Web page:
Call Down The Night, the second book in the McInness Legacy trilogy by sisters Julie and Sandy Moffett, is even better than the first... despite the lower rating I gave it. Strangely, while reading and enjoying this book, I was reminded of aspects of Light A Single Candle that I’d been less than pleased with. Perhaps it’s unfair to compare one book to the other, but comparison is hard to escape when the books are from the same series, with the same overall plot and written by sisters.
Call Down The Night has many great aspects about it. One is that like Light A Single Candle, the heroine is strong and more than willing to stand up for herself. In fact, the heroine is a superb character, blessed with brains as well as beauty and not in the least bit hesitant to use her superior intellect. In fact, Alexandra Gables’ life so far has been dedicated to acquiring knowledge and sharing it with others through discussion and writing.
As the entire series is based on events that happened in the history of Salem, Massachusetts, the books are all set there. Alexandra has traveled to Salem to assist in cataloguing rare flowers and is staying with a friend of her fathers’. Upon her arrival, strange things begin happening; as the intuition she’s always lived with strengthens to full blown premonitions, she begins to feel like she’s being watched and her life is endangered.
While this is happening she’s also falling in love with and occasionally one-upping, her host’s son, Pierce Williams. A man whose opinion of women’s intellectual abilities is rather irritating to a woman of science and will probably be even more so to the readers who are women of the new millennium.
Luckily, Pierce doesn’t spend too much time doubting Alexandra’s abilities. He soon shows Alexandra and the readers that he is, on occasion, able to laugh at himself and willing to concede a point, when he’s obviously lost an argument, with relative good humor.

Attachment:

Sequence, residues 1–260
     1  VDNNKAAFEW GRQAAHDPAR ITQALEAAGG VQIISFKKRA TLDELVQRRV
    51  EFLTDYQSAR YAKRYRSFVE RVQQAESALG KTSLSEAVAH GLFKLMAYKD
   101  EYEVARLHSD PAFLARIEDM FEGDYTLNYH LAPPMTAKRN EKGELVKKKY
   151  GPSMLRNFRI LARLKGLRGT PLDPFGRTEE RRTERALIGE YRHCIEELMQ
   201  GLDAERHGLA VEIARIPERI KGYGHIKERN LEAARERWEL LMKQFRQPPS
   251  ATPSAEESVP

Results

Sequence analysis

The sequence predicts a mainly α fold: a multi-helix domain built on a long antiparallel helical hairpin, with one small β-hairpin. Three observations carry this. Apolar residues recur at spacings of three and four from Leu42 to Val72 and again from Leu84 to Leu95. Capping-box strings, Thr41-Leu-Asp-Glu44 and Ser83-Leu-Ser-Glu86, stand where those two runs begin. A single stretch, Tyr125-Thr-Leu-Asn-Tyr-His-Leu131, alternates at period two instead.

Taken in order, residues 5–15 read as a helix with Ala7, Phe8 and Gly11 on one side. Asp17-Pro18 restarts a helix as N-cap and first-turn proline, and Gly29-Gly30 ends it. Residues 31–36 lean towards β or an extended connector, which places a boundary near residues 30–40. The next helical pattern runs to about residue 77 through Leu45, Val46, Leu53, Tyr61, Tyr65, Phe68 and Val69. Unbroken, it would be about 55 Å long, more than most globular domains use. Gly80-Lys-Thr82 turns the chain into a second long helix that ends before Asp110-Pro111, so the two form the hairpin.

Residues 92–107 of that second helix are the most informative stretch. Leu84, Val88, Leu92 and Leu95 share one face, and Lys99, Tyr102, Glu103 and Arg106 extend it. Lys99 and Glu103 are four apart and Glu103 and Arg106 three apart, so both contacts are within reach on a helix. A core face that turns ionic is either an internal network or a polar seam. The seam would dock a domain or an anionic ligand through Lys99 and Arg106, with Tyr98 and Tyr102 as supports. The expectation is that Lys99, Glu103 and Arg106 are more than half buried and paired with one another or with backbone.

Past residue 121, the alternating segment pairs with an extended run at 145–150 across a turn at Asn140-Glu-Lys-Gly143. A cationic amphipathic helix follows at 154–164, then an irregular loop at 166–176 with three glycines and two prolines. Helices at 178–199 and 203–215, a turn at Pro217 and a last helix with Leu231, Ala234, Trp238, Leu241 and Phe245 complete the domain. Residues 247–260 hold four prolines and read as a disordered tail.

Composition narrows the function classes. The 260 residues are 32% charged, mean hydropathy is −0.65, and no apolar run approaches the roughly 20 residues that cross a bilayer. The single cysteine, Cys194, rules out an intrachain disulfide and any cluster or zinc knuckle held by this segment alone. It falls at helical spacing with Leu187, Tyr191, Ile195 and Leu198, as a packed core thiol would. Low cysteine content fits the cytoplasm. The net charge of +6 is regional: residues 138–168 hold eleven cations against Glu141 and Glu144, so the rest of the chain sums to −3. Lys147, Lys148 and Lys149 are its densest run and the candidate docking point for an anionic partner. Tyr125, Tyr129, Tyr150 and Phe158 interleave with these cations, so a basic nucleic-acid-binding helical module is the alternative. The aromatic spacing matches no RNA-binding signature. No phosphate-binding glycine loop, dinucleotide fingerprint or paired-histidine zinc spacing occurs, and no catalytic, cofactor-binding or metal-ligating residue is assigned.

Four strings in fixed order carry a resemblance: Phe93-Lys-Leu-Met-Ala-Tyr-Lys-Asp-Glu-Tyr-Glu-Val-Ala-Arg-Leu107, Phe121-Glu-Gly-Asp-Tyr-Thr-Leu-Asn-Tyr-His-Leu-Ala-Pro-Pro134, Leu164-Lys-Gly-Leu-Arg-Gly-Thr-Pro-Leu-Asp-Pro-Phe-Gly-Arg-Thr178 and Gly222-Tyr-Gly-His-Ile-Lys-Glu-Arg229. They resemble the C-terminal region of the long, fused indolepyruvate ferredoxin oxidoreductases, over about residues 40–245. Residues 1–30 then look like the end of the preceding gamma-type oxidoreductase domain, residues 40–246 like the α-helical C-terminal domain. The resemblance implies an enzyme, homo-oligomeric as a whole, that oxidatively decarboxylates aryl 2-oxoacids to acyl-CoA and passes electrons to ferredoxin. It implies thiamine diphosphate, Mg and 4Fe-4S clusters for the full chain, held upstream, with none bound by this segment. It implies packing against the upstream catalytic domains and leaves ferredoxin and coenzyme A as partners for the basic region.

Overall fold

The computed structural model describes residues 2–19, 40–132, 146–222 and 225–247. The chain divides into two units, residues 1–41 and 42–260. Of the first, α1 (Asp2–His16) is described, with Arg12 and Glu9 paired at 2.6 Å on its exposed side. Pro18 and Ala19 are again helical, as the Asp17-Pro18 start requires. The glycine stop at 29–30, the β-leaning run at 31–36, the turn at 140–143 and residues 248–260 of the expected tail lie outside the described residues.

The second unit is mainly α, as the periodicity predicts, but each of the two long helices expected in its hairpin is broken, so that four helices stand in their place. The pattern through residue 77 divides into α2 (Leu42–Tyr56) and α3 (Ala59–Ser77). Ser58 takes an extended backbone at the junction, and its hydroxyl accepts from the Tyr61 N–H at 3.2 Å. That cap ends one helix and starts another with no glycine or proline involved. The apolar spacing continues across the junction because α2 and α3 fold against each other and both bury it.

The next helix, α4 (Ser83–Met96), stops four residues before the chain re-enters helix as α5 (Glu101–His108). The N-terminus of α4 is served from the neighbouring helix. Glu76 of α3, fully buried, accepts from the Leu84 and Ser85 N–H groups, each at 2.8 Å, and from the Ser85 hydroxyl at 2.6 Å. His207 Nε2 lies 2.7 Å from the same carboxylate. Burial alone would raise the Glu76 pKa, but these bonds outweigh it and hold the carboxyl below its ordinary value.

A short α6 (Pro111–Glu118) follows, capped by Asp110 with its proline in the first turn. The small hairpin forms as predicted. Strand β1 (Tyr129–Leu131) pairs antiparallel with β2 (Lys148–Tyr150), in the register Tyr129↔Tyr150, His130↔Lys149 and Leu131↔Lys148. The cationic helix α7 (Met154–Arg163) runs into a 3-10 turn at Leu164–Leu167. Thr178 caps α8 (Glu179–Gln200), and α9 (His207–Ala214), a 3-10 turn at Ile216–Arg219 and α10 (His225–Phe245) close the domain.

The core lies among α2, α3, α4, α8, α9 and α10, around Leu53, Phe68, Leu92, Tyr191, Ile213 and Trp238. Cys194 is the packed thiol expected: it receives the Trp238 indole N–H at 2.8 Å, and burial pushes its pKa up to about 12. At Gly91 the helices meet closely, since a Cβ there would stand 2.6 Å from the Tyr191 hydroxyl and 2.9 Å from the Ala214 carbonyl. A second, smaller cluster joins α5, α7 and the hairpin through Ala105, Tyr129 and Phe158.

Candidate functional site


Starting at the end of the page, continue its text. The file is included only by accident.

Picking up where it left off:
Alexandra and Pierce are enjoyable characters. Alex’s quick wit was often a delight to this reader who loves seeing a woman react well in difficult situations.
One of the things that stood out to me as different from the previous book in this series is that where as in the first book Julie Moffett chose to show things from the villains point-of-view on occasion; in Call Down The Night, Sandy refrained from doing so. The change was a good one and kept readers' attention focused on the hero and heroine. It also increased the sense of mystery and anticipation regarding the final outcome and drew readers’ attention more to the fact that the final book in the story would have all the answers that were building up. My only concern with that is that all three romances must wait to have their happily ever afters until the final book and readers are left hanging until then. It also puts added pressure on the author, to put a close to three different relationships. While the final book needs to be focused on the final McInnes sister, it also needs to, at some point, switch focus towards the end to the other two sisters whose future happiness was put on hold until book three was complete. A very large challenge and one I greatly hope the author was able to meet.
Bottom line is that the true verdict/rating on these books can’t honestly be given until all three have been read. They greatly depend on each other. You cannot just read one. You have to read them all. And unfortunately, it hit home in this installment that if book three doesn’t live up to it’s potential, then books one and two were a waste, regardless of the rating they’d already received. Which I will admit here and now, I’m choosing while assuming that book three will be completely satisfactory.